August 14, 2015
What You Need to Know about Applying for a Graduate School Loan
If you’re headed to grad school, you may think you’ve got the federal student loan game figured out after four long years of experience as an undergrad. However, federal student loans for graduate school are actually quite different from undergrad loans in many ways, especially when it comes to interest rates and the graduate school loan limits.
The Difference between Graduate School Loan and Undergraduate Student Loan
It’s important to be aware of these differences before you begin applying for a graduate school loan, to ensure you make the right borrowing decisions. With that said, here are five key ways federal student loans for grad school differ from undergraduate student loans – and what their differences mean to you.
1. Graduate school loans don’t require your parents. Unlike your undergraduate student loans, you won’t need to enter your parents’ financial information on the FAFSA as a graduate student. Rather, you should only need to submit your personal tax return to receive your loan eligibility amount.
2. Your credit plays an important role. As a graduate student, you’ll need to pass a credit check to take out a PLUS loan. If the check reveals any bankruptcy, foreclosure, or an account in collections, your student loan’s application may be declined.
3. There is less available aid for low-income students. It is very common for graduate students to need to apply for a graduate school loan because there is less overall aid available for individuals who want to pursue a master’s or professional degree.
4. Interest rates are higher on federal graduate school loans. As a graduate student, you are no longer eligible to receive subsidized loans, which means interest will begin accumulating as soon as you take out the loan – even if you’re a full-time student. The interest rates are also higher than undergraduate student loans. As of July 1, 2015, undergrads pay 4.29% on direct subsidized and unsubsidized loans, while graduate students pay a fixed 5.84% on unsubsidized loans and 6.84% on PLUS loans.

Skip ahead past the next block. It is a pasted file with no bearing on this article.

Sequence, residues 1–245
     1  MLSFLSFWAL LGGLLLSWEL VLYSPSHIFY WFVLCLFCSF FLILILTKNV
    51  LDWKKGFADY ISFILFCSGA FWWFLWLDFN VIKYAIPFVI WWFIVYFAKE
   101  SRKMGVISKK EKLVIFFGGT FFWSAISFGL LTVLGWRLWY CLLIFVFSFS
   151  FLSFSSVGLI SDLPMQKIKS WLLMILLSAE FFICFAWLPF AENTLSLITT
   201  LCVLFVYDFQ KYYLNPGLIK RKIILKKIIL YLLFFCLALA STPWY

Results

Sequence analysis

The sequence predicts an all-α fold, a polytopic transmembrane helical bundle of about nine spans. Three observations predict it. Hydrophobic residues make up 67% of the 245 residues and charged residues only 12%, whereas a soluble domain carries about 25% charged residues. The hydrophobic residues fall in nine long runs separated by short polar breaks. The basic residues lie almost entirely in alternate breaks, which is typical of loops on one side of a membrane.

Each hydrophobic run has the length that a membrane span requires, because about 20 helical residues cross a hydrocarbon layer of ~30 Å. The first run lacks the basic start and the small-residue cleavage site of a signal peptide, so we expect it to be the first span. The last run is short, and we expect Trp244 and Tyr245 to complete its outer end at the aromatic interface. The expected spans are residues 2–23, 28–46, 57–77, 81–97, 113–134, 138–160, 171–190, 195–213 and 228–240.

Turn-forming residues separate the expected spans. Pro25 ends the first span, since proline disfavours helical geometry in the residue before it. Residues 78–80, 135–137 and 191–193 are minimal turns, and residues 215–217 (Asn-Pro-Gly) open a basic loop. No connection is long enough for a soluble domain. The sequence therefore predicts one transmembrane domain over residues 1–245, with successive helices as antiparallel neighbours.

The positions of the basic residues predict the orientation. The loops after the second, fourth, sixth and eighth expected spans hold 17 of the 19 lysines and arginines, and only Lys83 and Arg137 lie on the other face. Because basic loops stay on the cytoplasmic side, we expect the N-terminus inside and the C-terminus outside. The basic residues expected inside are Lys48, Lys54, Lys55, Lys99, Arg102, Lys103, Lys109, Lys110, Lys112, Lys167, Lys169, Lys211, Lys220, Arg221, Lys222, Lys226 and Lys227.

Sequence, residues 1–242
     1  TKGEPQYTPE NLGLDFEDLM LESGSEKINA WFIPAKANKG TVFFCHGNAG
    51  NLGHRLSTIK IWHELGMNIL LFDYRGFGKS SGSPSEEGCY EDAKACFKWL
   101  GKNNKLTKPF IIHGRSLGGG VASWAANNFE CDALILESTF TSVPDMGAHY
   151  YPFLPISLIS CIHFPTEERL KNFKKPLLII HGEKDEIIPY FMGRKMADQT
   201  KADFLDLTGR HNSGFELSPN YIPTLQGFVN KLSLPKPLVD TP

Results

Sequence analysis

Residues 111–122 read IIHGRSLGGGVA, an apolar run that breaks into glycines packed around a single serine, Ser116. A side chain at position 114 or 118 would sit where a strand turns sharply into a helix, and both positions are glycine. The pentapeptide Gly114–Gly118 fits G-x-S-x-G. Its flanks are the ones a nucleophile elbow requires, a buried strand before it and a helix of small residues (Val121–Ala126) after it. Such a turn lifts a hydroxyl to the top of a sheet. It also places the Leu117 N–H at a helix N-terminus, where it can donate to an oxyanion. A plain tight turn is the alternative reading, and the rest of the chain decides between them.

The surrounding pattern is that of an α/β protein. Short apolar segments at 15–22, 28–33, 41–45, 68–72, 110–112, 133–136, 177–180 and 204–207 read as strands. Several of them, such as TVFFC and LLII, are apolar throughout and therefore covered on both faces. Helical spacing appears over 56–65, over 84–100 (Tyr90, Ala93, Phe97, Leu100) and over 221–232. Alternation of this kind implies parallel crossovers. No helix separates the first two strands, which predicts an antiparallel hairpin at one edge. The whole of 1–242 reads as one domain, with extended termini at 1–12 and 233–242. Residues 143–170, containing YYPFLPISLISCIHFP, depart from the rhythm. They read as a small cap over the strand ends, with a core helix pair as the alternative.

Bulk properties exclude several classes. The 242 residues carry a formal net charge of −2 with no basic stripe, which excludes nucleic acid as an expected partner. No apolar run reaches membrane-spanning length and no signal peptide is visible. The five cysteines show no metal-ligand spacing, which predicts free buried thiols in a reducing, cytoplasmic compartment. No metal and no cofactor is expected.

5. Your student loan limits increase – but it still may not be enough. You can borrow more in Stafford loans as a graduate student than you could as an undergraduate, but it still may not cover the entire cost of your education. As an undergrad, Stafford loans cap at $5,500 for the first year, $6,500 for the second year, and $7,500 for the remaining years, with a maximum loan amount of $31,000. As a graduate student, you can borrow significantly more. Most graduate students loans are limited $20,500 a year in Stafford loans and cannot exceed $138,500 between both undergrad and grad school loans combined.
PLUS loans, on the other hand, are capped at the total cost of your education as determined by the school, minus any other financial aid received. However, their interest rate is fairly high at 6.84%, and you can be denied if you have an adverse credit history. Thus, many students are able to find lower-cost, more accessible borrowing options with private lenders.
The bottom line…
While federal student loans can be an excellent choice to help pay for your education, many students find that federal graduate school loans simply aren’t enough to cover the entire cost of admission and all education-related expenses.
In these cases, it’s a smart idea to carefully explore your options for private student loans. Credit unions are one of the best options to start your search because they are not-for-profit institutions and can provide some of the lowest interest rates. These loans aren’t restricted to the same federal loan limits, have extremely competitive interest rates, and can often be used for expenses that are directly or indirectly related to graduate school – including housing, books, computers, and tuition.
By choosing a strategic blend of private and federal student loans, you can make sure your education is covered by the lowest-cost borrowing options available – reducing your overall debt and setting yourself up for a successful future.
Please note that the information provided on this website is provided on a general basis and may not apply to your own specific individual needs, goals, financial position, experience, etc. LendKey does not guarantee that the information provided on any third-party website that LendKey offers a hyperlink to is up-to-date and accurate at the time you access it, and LendKey does not guarantee that information provided on such external websites (and this website) is best-suited for your particular circumstances. Therefore, you may want to consult with an expert (financial adviser, school financial aid office, etc.) before making financial decisions that may be discussed on this website.
September 15, 2023
It’s Back – Federal Student Loan Payments Resume, Now What?
August 18, 2023
The Role of a Cosigner in Private Student Loans: A Comprehensive Guide
July 7, 2023